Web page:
Then at 30:34 Tim Morris began another even less coherent line of objection, which seemed to indicate that he thinks the school board should have the right to vet not only the textbooks but every website to which either the books or a teacher might refer students in the course of giving supplemental assignments. To anyone who has taught even one class anywhere, this suggestion is asinine. Again Dr. Martin took Tim Morris’s question seriously and answered it patiently and fully. Tim Morris’s response, with his further objection fully dispensed with (35:12): “I think it’s great that we have a curriculum. . . .” He goes on to acknowledge that teachers must have discretion, but then he repeats, again, the Smiths’ complaint about the Savvas advisory board. Dr. Traughber then refocuses attention on what is actually supposed to be the job of the teachers and the job of the school board.

Finally, at around 37:00 minutes, 24 minutes after Tim Morris raised his first question, Marcy White stepped in to sum up, reiterating that the school board had heard the teachers describe their process in some detail. She noted that the board pressed the teachers in particular on the question of bias. Then finally, at 38:18, she made the comment that I referenced previously to the effect that the teachers and administrators, not the board members, are the experts in curriculum, and that it is appropriate for board members to trust them. That concludes at 39:25.

So her comment was not by any means a dismissal of the school board’s responsibility to assure that appropriate curriculum materials are used. It was a summary of good process for carrying out that responsibility and perhaps obliquely an indictment of Tim Morris’s alternative approach, which seemed to me (neither Marcy nor anyone else said this) to amount to wasting everyone’s time by throwing up a series of inane objections and questions, perhaps with the intent (I’m guessing!) of securing the approval and gratitude of people like the Smiths. I simply can’t account for his strange behavior in this meeting in any other way. I.e., what we had from around 13:18 to 39:25 of this meeting: an unhelpful performance by one board member punctuated by patient and reasonable but really unneeded explanations by highly competent educators and concluded by the board president.

During the segment of the meeting designated for board member reports, Tim Morris again started in on the textbooks (1:04:28), complaining about the difficulty of the process (again echoing the Smiths). Jason Saidoo responded that the curriculum committee offered even more than the policy on textbook approvals required, effectively exposing Tim Morris’s objection as a further bit of grandstanding. This ends at 1:06:25.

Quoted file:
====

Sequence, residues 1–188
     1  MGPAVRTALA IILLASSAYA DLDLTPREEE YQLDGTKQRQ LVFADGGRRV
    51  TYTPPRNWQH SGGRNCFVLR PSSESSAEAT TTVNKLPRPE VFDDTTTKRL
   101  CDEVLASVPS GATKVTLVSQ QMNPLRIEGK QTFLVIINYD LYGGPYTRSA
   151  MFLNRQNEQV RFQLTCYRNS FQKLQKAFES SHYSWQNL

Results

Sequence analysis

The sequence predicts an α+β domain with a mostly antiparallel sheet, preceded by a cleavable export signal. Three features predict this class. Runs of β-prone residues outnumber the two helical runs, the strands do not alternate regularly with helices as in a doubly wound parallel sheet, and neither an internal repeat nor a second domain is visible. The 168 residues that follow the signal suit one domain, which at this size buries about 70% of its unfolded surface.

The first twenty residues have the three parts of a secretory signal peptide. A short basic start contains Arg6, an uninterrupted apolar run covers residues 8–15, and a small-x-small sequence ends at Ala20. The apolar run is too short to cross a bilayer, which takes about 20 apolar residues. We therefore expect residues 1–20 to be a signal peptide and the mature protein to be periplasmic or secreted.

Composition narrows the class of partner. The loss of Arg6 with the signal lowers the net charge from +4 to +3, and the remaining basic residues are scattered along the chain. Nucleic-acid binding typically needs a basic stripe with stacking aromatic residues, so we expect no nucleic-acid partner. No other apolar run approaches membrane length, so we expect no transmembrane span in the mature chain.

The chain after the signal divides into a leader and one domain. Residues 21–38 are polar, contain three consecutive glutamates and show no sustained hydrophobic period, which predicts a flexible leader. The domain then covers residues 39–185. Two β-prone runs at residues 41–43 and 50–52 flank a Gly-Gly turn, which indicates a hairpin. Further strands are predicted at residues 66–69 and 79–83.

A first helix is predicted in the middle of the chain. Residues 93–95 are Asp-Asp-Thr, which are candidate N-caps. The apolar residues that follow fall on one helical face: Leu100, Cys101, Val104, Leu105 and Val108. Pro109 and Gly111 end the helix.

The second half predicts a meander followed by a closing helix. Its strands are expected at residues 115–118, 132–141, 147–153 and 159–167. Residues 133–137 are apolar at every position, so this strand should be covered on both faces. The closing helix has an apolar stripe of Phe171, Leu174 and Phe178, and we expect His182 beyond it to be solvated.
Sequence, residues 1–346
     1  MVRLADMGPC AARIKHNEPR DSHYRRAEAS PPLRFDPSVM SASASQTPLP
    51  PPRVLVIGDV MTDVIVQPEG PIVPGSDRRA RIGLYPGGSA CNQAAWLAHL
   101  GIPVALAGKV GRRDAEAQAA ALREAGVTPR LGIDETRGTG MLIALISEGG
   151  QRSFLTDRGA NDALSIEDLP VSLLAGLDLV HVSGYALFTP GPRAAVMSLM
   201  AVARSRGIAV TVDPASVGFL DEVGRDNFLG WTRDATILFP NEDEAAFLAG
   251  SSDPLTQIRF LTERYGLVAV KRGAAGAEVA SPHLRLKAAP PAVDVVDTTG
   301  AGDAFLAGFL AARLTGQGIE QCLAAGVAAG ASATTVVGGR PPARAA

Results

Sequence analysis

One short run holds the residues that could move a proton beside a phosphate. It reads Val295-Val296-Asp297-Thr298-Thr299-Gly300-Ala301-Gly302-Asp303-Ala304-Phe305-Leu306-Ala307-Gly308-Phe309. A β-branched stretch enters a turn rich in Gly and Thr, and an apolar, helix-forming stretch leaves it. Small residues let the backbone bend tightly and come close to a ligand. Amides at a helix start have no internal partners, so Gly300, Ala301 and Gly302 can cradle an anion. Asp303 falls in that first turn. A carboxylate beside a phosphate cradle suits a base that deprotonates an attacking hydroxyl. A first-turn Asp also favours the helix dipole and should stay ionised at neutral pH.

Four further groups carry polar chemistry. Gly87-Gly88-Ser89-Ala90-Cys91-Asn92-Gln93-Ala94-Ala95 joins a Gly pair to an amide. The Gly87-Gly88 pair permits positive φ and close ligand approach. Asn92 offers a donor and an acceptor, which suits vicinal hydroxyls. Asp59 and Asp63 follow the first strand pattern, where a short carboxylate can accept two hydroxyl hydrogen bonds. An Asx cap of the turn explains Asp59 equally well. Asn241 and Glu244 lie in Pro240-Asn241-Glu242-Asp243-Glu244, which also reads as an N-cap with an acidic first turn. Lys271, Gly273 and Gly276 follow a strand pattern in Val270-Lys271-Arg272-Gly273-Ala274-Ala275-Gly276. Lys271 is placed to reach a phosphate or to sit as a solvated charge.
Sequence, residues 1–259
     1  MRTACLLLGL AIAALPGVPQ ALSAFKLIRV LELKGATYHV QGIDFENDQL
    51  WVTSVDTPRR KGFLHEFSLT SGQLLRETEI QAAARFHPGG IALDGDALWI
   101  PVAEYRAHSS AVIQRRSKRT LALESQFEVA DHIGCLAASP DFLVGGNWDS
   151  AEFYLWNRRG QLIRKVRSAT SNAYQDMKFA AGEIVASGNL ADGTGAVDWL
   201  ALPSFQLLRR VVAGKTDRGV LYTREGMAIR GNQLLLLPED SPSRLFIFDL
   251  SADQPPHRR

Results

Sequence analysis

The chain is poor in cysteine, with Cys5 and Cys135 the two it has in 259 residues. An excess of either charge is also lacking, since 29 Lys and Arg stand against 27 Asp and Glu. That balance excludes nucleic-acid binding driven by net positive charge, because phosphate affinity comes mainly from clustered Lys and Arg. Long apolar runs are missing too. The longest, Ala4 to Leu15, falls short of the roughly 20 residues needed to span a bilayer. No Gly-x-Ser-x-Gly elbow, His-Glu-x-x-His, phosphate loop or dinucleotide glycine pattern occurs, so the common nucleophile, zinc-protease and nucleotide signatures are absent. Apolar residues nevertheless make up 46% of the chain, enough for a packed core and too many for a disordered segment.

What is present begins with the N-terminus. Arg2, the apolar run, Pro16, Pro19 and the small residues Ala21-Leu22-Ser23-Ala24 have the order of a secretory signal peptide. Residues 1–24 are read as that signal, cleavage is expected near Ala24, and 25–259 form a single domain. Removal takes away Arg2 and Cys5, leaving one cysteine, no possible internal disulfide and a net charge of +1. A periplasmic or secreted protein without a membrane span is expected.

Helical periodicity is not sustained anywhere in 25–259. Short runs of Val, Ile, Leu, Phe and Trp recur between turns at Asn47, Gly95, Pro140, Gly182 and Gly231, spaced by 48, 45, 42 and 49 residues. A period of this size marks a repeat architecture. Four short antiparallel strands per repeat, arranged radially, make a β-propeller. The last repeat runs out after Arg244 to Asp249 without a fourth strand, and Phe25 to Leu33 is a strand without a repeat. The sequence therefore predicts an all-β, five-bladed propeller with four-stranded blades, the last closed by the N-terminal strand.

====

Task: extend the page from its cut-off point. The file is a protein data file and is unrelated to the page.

(In passing you might listen to my three-minute comment to the board, beginning at 1:20:09.)

At 1:24:09, Marcy White put the curriculum to a vote. Justin Saidoo moved to approve. Tim Morris again briefly reiterated his objection, saying that he trusts the teachers but not the curriculum that they selected. This seemed to have been the last straw for Justin Saidoo, who began an incisive line of questioning to Tim Morris that imho thoroughly exposed the vapidity and perversity of Tim Morris’s objections. Listen for yourself, though, and see what you think.

(To be clear: I don’t think Tim Morris is a bad person. He has given his time, on a volunteer basis, for six years. And I suspect that his work on the finance/operations side of the school board’s work may be more competent than his last-minute failed intervention in the curriculum area.)

That, Rudy, is the context that I think you need to evaluate Marcy’s comment about trusting the teachers to make good decisions. She did not mean blind, careless trust. She did not mean defaulting on the board’s responsibility for oversight. She meant: performing due diligence to verify that the teachers are doing their job well, and letting them do it.

4 thoughts on “CRT in the textbooks! (not)